Wednesday, 31 October 2012

Perfect Honeycomb/Cinder Toffee

perfect cinder toffee
Miss K and I decided that we wanted to have a go at making some honeycomb (also known as cinder toffee, Crunchie and hokey pokey depending on where you live). I've tried making this a couple of times before with varying degrees of success, so I scoured the internet looking for the 'perfect' recipe. I found that some recipes used vinegar and bicarbonate of soda, while some just used the bicarb; some recipes included butter and some didn't and some required a sugar thermometer while others didn't! So in the end, I settled on one of the most simple recipes I could find, after googling 'perfect cinder toffee', which was on  a blog called Cream Until Fluffy...which sadly no longer exists.

perfect honeycomb
After reading the comments, I decided to use a sugar thermometer (I boiled the sugar and syrup to between 140C and 150C or  between the 'soft/'hard crack' stages - the colour is a good indication if you dont have a sugar themometer) and I reduced the amount of bicarb by half (2 level tsp). Apart from that, I followed the recipe and method exactly.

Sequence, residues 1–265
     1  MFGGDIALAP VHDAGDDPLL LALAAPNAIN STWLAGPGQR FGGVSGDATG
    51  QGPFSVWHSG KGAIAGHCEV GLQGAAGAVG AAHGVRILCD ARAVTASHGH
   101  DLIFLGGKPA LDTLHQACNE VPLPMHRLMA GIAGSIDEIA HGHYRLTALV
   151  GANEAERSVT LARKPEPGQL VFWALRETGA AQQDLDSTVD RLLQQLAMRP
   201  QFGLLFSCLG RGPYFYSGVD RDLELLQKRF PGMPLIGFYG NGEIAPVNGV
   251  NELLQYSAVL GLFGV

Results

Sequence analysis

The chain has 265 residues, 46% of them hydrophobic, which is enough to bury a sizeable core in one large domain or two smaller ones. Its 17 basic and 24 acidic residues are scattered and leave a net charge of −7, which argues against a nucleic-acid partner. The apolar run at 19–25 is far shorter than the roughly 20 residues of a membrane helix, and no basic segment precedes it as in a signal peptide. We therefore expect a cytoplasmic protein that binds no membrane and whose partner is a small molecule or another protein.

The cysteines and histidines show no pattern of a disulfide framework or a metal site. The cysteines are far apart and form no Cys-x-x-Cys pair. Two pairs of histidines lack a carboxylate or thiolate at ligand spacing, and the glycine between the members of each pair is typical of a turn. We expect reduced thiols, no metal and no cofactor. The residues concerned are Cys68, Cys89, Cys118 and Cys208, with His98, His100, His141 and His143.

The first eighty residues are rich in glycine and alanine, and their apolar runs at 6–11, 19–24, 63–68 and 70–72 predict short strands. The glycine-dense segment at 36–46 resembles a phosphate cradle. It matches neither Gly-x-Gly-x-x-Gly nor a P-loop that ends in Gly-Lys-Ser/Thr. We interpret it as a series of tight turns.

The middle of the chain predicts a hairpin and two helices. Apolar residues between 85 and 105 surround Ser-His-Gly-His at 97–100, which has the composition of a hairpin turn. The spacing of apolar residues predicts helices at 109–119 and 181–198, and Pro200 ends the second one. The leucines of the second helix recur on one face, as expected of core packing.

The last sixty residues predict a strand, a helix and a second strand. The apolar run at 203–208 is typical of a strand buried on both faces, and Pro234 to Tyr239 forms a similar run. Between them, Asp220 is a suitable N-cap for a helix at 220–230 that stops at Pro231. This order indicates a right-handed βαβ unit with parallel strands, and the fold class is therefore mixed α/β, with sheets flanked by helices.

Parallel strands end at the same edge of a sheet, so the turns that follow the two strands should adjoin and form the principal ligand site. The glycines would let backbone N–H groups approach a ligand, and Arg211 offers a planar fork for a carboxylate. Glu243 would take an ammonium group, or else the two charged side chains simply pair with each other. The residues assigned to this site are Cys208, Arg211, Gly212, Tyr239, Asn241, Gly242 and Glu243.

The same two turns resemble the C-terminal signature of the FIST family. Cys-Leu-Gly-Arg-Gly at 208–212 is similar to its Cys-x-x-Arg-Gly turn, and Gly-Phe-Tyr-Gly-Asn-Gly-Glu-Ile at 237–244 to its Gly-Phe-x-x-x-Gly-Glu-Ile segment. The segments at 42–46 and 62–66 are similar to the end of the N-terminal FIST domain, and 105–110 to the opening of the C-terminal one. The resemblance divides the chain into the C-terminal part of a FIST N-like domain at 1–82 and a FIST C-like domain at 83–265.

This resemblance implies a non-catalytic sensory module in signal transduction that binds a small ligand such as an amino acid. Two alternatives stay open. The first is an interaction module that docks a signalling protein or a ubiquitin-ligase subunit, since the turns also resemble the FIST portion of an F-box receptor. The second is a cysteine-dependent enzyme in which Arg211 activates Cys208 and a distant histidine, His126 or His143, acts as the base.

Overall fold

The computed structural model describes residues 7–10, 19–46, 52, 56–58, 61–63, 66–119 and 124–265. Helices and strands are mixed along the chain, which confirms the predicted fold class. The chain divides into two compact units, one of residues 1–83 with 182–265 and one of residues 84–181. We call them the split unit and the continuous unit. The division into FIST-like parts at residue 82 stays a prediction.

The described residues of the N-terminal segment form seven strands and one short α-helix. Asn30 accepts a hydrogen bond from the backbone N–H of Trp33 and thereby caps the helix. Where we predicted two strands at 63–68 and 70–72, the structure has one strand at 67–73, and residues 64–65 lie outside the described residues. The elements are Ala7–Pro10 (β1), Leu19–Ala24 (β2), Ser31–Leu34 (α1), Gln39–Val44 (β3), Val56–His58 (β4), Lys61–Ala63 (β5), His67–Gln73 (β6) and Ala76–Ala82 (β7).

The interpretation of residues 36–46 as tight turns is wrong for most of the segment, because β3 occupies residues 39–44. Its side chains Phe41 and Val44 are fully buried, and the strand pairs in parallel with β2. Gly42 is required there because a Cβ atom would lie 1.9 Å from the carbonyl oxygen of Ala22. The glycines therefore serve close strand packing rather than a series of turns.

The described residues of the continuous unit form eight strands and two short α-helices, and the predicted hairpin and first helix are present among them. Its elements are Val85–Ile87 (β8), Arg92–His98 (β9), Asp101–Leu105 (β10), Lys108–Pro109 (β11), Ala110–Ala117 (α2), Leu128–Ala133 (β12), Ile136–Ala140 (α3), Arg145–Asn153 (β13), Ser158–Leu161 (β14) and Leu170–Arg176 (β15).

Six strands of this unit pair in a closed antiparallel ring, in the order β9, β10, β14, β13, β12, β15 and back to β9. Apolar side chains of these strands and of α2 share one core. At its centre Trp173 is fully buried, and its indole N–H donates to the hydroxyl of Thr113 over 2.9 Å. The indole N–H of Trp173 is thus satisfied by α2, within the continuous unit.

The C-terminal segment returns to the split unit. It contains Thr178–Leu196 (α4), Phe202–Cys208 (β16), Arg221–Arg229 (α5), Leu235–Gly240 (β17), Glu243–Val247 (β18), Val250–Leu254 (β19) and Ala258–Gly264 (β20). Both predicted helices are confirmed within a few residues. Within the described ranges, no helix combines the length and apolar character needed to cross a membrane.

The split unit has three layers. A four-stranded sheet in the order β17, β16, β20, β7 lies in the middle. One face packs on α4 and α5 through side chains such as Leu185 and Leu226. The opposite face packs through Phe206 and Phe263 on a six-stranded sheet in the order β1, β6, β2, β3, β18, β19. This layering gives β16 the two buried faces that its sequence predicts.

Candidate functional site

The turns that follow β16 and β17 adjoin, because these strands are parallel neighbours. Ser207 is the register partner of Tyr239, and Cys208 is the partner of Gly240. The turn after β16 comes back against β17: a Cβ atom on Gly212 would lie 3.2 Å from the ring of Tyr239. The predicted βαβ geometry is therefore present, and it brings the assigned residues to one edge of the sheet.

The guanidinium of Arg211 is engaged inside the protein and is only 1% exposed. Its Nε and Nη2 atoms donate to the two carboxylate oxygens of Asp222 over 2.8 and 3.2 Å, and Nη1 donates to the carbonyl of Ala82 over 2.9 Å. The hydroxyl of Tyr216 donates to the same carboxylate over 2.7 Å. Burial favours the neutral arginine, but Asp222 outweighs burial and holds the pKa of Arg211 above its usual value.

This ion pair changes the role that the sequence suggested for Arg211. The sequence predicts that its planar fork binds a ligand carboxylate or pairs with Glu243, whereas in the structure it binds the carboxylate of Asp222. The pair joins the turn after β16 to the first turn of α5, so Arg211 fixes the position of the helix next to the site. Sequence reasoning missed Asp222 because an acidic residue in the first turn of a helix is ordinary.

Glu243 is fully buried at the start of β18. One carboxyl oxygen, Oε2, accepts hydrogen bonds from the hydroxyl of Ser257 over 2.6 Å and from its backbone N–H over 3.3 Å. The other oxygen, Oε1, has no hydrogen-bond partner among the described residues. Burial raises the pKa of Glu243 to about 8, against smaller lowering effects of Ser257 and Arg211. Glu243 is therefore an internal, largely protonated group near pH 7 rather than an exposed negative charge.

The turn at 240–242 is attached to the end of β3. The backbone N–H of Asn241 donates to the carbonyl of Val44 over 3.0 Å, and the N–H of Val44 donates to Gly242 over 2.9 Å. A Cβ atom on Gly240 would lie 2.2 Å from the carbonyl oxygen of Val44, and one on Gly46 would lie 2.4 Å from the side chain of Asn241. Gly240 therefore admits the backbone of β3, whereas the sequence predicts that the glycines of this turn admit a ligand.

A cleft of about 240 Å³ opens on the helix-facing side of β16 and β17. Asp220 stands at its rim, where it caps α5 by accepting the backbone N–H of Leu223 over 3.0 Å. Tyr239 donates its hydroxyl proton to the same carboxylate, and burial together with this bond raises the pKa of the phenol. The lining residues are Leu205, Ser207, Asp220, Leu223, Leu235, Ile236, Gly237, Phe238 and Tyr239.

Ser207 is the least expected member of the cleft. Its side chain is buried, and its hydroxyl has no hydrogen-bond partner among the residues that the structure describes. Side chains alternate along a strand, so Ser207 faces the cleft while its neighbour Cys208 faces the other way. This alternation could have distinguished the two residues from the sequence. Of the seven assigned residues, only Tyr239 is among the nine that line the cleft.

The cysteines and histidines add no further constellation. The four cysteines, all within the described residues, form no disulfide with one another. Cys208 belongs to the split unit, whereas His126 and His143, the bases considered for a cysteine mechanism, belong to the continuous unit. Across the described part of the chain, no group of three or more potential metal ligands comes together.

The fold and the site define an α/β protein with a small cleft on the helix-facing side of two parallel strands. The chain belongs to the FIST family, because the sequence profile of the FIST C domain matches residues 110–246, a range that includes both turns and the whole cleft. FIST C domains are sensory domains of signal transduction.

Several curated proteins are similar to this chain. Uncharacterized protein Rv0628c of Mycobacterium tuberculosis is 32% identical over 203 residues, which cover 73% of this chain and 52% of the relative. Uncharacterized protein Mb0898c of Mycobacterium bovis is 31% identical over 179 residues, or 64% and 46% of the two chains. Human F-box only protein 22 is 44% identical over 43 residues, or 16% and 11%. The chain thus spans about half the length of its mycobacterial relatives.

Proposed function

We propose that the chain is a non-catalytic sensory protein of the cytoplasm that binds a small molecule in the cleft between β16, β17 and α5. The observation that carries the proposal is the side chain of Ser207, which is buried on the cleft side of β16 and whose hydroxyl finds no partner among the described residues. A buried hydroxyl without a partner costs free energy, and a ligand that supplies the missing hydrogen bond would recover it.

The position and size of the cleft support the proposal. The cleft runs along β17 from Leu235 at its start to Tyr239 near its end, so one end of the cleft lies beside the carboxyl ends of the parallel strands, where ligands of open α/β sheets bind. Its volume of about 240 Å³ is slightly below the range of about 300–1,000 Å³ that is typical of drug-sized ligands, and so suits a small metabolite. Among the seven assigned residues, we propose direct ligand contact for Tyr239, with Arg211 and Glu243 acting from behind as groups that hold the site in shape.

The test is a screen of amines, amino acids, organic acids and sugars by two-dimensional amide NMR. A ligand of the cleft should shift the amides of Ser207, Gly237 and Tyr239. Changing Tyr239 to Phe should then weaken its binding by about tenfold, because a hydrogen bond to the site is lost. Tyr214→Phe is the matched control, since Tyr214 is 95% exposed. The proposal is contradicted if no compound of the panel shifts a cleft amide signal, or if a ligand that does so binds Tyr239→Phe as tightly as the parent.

The only problem I encountered was getting the stuff out of the tin after it had cooled. I thought I had greased my (non-stick) tin really well, but obviously not well enough. It took me some time and determination to chisel the honeycomb out, but most of it did come out of the tin eventually! I would recommend greasing the tin, really, really well...or maybe line the tin with greased parchment paper.

As you can see from the photos, the honeycomb looks good and I can tell you that it tastes even better!

  • 200g caster sugar
  • 2 tbsp. water
  • 4 tbsp golden syrup
  • 2 tsp bicarbonate of soda (baking soda)
8″ square tin, well buttered.
Combine the sugar, water and syrup in a saucepan. Put the saucepan on a low-medium heat and allow it to dissolve, stirring occasionally.
Turn the heat up slightly. Do not stir at all.
Allow it to simmer for 3-4 mins until it darkens a little – no darker than maple syrup though.

Take the pan off the heat and quickly beat in bicarb. for a few seconds. Pour it into the well greased tin and leave to cool and set. Something in the region of 3 hours. Chop, splinter and cut with a knife. Store in an airtight tin.